Not without interest is the fact that much of this development is correlated with the advances and recessions of the continental ice fields. It is conceivable, at least, that some part of the human stock was being exposed during this time to relentless genetic pressures and then, in inter-glacial times, to renewed relaxation of barriers and consequent genetic mixture. A few scattered finds from remote portions of the Euro-Asiatic land mass will never clarify this suspicion. For hundreds of thousands of years of crucial human history we have not a single bone as a document.


There is another curious thing about the Ice Age. Except for the emergence of genuinely modern man toward the close of its icy winter, it is an age of death, not a birth time of species. Extinction has always followed life relentlessly through the long eras of earth’s history. The Pleistocene above all else was a time of great extinctions. Many big animals perished, and though man’s hunting technology was improving, his numbers were still modest. He did not then possess the capacity to ravage continents in the way he was later to do.


The dinosaurs vanished before man appeared on earth, and their disappearance has caused much debate. They died out over a period many millions of years in extent and at a time when the low warm continents lapped by inland seas were giving way to bleaker highlands. The events of the Ice Age are markedly different. First of all, many big mammals—mammoth, mastodon, sloth, long-horned bison—survived the great ice sheets only to die at their close. It is true that man, by then dispersing over the continents, may have had something to do with their final extermination, but there perished also certain creatures like the dire wolves, in which man could have taken little direct interest.


We are thus presented, in contrast to the situation at the close of the age of reptiles, with a narrowly demarcated line of a few thousand years in which a great variety of earth’s northern fauna died out while man survived. Along with the growing desiccation in Southwest Asia, these extinctions gave man, the hunter, a mighty push outside his original game-filled Eden. He had to turn to plant domestication to survive, and plants, it just happens, are the primary road to a settled life and the basic supplies from which cities and civilizations arise. A half-dying green kingdom, one might say, forced man out of a relationship which might otherwise have continued down to the present.


But, the question persists, why did so many creatures die in so little time after marching back and forth with the advancing or retreating ice through so many thousand years? Just recently the moon voyage has hinted at a possible clue, though it must be ventured very tentatively when man’s observational stay upon the moon has been so short.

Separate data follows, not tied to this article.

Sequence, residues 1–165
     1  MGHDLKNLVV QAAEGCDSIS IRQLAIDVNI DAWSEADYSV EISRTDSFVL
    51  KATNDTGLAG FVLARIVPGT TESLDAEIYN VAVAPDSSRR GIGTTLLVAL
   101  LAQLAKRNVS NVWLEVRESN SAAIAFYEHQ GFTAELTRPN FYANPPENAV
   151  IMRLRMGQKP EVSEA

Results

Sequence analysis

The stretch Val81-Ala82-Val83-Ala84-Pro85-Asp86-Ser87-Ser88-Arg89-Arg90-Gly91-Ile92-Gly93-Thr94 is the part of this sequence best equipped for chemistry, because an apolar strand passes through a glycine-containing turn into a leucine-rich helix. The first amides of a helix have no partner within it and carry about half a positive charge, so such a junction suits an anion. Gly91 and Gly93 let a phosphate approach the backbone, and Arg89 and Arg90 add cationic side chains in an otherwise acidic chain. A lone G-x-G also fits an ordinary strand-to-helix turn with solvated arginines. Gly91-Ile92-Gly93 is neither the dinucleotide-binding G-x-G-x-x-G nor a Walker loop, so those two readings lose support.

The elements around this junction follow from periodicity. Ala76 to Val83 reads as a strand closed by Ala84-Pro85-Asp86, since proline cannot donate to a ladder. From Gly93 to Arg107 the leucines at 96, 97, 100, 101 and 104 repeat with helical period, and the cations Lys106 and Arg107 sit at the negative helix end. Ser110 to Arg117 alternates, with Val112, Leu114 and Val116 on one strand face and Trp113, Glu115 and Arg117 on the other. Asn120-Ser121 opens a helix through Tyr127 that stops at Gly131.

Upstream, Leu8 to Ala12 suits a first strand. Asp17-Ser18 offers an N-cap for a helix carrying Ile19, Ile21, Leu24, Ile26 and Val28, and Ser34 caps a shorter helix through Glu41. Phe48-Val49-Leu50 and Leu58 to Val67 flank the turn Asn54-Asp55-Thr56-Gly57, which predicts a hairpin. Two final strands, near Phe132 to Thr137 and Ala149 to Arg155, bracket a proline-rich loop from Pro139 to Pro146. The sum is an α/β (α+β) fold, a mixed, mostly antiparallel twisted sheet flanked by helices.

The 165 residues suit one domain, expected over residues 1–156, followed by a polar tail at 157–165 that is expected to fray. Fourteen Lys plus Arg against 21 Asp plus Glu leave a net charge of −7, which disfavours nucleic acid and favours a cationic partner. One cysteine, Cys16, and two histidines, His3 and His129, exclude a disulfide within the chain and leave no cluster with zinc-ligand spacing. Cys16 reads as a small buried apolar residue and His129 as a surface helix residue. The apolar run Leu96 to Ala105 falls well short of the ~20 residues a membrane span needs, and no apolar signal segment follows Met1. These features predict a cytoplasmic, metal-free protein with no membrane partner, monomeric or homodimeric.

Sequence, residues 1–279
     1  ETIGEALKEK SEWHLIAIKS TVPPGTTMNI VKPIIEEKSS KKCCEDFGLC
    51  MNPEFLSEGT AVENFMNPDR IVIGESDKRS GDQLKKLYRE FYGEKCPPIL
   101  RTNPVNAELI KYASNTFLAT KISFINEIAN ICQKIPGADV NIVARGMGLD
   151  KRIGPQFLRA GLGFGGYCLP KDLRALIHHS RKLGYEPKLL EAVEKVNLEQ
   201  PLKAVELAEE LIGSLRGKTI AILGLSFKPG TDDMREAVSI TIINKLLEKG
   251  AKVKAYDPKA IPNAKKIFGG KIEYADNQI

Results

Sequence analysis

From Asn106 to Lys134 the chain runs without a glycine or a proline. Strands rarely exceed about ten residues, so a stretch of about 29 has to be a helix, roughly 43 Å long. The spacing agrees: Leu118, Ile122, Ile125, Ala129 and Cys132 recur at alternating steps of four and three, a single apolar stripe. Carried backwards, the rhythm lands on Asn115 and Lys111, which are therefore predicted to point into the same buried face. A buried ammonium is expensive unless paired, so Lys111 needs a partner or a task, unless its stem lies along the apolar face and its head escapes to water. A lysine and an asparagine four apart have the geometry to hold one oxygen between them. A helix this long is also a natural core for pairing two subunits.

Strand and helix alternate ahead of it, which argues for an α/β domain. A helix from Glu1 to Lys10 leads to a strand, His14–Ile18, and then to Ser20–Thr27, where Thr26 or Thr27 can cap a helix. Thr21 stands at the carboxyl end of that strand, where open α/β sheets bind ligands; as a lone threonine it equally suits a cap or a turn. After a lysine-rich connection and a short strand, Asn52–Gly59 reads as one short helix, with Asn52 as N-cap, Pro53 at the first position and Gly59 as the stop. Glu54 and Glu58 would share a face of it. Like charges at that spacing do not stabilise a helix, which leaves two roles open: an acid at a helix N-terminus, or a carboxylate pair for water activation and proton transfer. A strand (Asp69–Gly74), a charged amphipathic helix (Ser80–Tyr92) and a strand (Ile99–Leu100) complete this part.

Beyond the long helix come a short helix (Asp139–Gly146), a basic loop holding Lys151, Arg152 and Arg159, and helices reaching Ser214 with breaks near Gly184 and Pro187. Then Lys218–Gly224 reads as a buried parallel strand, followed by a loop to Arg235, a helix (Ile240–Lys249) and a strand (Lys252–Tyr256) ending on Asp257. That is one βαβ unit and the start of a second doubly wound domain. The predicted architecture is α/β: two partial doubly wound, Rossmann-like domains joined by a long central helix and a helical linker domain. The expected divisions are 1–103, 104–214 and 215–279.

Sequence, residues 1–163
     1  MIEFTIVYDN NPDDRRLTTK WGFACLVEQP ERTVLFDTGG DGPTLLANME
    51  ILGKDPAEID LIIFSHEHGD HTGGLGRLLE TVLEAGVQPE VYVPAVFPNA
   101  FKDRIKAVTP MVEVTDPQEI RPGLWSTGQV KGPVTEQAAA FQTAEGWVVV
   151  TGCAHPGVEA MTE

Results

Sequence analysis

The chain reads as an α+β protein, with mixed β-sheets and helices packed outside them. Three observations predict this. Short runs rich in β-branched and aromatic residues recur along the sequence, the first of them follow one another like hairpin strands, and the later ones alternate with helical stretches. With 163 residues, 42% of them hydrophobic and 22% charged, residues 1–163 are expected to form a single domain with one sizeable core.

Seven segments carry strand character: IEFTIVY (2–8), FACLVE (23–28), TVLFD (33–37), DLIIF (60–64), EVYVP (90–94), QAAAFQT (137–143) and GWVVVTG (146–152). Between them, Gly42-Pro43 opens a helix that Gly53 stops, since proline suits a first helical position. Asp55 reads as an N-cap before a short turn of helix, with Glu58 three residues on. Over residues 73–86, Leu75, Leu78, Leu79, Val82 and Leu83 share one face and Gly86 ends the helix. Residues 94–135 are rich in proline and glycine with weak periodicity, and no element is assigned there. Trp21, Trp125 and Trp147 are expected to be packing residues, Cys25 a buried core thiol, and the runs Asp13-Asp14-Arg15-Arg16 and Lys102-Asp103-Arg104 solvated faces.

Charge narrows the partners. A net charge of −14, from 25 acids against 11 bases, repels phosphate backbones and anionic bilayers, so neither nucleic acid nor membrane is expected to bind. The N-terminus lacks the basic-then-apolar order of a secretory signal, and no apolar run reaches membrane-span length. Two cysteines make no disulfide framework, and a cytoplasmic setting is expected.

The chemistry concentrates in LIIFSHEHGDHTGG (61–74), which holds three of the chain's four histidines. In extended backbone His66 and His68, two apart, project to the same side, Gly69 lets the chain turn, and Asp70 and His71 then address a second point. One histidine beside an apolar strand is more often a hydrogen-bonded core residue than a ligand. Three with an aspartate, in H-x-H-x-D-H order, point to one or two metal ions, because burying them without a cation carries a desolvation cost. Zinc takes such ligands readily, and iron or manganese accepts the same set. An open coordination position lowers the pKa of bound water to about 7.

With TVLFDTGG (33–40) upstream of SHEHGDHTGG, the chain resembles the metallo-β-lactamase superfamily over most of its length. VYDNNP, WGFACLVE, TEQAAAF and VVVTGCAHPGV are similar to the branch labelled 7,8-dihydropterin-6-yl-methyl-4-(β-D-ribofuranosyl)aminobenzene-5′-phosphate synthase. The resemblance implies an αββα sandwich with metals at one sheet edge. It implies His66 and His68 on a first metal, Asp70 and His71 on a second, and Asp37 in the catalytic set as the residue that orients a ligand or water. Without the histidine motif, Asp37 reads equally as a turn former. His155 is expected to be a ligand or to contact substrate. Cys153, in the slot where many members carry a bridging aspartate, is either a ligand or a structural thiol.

The Apollo 11 astronauts observed and succeeded in photographing melted or glazed droplets concentrated on points and edges of moon rock. Dr. Thomas Gold, director of Cornell University’s Center for Radio Physics, has suggested that these glasslike concretions are evidence of melting, produced by a giant solar flare activated for only a few moments, but of an unexpected intensity. Giant storms are known to lick outward from the sun’s surface, but a solar disturbance of the magnitude required to account for such a melting—if it was indeed sun-produced —would have seemed from earth like the flame of a dragon’s breath. Most of the ultraviolet of the sun-storm, generated perhaps by a comet hurtling into the sun’s surface, would have been absorbed by the earth’s atmosphere. A temperature effect on earth need not have been pronounced so long as the flare was momentary. The unprotected surface of the moon, however, would have received the full impact of the dragon’s tongue.


Dr. Gold has calculated by various means that the event, if actually produced by a solar flare, lies somewhere close to thirty thousand years from us in time and is therefore unrecorded in the annals of man. But here is the curious thing. The period involved lies in the closing Ice Age, in the narrow time zone of vast extinctions in the northern hemisphere. Was the giant flare, an unheard-of phenomenon, in some way involved with the long dying of certain of the great mammals that followed? Seemingly the earth escaped visible damage because of its enveloping blanket of air. No living man knows what the flicking tongue of a dragon star might do, however, or what radiation impact or atmospheric change might have been precipitated upon earth. Some scholars are loath to accept the solar-flare version of the moon glaze because of the stupendous energy which would have to be expended, and the general known stability of the sun. But men are short-lived, and solar catastrophes like the sunward disintegration of a comet would be exceedingly rare. Until more satisfactory evidence is at hand, most scientists will probably prefer to regard the glazed rock as splashed by the heat of meteoritic impact.


Nevertheless, the turbulent outpouring of even ordinary solar flares is on so gigantic a scale as to be terrifying in a close-up view. Until there is further evidence that ours is not a sleepy dragon star, one may wonder just what happened thirty thousand years ago, and why, among so many deaths, it was man who survived. Whatever occurred, whether by ice withdrawal or the momentary penetration of the ultraviolet into our atmosphere, man’s world was changed. Perhaps there is something after all to the story of his eviction from the green Garden.


When I lie in bed now and await the hastening of Halley’s comet, I would like to find my way back just once to that single, precise instant when the star dragon thrust out its tongue. Perhaps the story of all dragons since comes from that moment. Men have long memories when the memories are clothed in myth. But I drowse, and the train whistle mingles and howls with the heaven-sweeping light in my dream. It is 1910. I am going back once more.